A large manufacturing company employs thousands of people and generates a staggering amount of electronically stored information (ESI) daily. A plaintiff sues the company, alleging fraud based on events that occurred nearly 10 years ago, and serves document requests seeking electronic communications and other ESI from current and former employees as well as from other data sources. Some of the requested information can be collected from active and legacy databases sitting on servers located on three continents. Other data has long since been archived or overwritten under established business procedures. The general counsel seeks your advice about the company’s legal obligations in responding to these discovery requests.
Is the Data Reasonably Accessible?
Certain types or sources of ESI are presumed to be “inaccessible.” The seminal case of Zubulake v. UBS Warburg LLC, 217 F.R.D. 309 (S.D.N.Y. 2003) (Zubulake I) provided an avenue for litigants to resist production of ESI kept in an inaccessible format. Courts often cite Zubulake I’s five tiers of accessibility (from most to least accessible): (1) active, online data; (2) near-line data; (3) offline storage and archives; (4) backup tapes; and (5) erased, fragmented or damaged data.
Federal Rule of Civil Procedure 26(b)(2)(B) codified the idea that some information sources are less accessible than others, explaining that “[a] party need not provide discovery of electronically stored information from sources the party identifies as not reasonably accessible because of undue burden or cost.” Therefore, the accessibility test is based not solely on the type of media or whether the producing party has technical difficulties in accessing the information but also on whether access is difficult “because of undue burden or cost.”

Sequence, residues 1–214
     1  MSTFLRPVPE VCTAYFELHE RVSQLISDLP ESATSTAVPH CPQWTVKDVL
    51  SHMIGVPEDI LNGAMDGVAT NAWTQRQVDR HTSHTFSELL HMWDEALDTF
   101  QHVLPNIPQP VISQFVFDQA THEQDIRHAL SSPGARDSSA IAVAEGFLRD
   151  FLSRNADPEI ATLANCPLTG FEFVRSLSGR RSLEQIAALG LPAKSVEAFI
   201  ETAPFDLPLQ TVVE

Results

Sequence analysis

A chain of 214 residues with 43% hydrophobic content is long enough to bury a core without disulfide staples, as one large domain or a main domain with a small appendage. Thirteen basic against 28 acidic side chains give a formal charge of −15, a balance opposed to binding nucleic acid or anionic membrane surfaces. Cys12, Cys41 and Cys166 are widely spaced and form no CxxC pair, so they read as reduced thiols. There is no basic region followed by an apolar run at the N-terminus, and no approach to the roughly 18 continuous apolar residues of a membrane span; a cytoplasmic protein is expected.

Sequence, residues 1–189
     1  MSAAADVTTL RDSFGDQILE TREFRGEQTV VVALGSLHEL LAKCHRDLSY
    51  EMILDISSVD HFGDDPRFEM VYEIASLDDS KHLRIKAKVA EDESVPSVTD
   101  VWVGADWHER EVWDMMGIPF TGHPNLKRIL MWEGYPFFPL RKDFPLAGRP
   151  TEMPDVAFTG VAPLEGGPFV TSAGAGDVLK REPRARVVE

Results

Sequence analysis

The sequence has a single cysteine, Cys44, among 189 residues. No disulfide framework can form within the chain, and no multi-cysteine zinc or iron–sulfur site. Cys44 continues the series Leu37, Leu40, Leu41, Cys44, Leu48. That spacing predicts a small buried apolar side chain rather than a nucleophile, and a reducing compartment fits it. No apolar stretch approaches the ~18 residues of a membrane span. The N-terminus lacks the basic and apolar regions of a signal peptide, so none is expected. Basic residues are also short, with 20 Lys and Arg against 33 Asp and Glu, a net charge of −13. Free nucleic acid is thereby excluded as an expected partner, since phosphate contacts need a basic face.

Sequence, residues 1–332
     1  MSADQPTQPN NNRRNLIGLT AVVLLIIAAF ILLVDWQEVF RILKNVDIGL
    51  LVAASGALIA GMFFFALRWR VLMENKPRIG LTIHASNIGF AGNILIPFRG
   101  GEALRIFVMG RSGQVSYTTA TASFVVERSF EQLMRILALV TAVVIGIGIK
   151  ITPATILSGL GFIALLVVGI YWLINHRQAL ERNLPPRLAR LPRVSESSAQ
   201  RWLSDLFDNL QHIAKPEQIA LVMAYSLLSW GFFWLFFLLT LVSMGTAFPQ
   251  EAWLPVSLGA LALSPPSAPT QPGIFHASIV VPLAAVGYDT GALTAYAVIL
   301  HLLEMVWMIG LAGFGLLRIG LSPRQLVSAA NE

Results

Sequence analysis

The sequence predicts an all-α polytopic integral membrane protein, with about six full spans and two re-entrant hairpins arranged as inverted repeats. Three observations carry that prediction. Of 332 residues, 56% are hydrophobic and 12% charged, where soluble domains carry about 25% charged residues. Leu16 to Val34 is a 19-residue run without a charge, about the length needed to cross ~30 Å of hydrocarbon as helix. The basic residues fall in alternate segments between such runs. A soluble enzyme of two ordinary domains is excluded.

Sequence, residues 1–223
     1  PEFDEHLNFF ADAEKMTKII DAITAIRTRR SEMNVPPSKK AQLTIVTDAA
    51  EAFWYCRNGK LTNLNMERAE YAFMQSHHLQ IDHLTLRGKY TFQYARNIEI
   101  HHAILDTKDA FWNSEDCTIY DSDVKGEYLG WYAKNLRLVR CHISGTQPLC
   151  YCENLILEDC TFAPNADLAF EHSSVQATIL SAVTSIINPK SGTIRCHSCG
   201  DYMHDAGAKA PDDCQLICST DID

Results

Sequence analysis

Is the Discovery Proportional to the Needs of the Case?
The principle of proportionality in the discovery process had been incorporated into the Federal Rules of Civil Procedure (FRCP) since 1983. The 1983 Rules Committee Note explained that the change was intended “to guard against redundant or disproportionate discovery by giving the court authority to reduce the amount of discovery that may be directed to matters that are otherwise proper subjects of inquiry.” The Rules Committee addressed proportionality again in 1993 (noting that “[t]he revisions in Rule 26(b)(2) are intended to provide the court with broader discretion to impose additional restrictions on the scope and extent of discovery”) and in 2000 (emphasizing “the need for active judicial use of subdivision (b)(2) to control excessive discovery”).
But many practitioners felt that previous amendments to the FRCP did not sufficiently limit discovery. FRCP 26(b)(1), as amended in December 2015, returned the proportionality factors to Rule 26(b)(1) in an effort to make proportionality an explicit component of the scope of discovery.
Tension Between What Is Accessible and What Is Proportional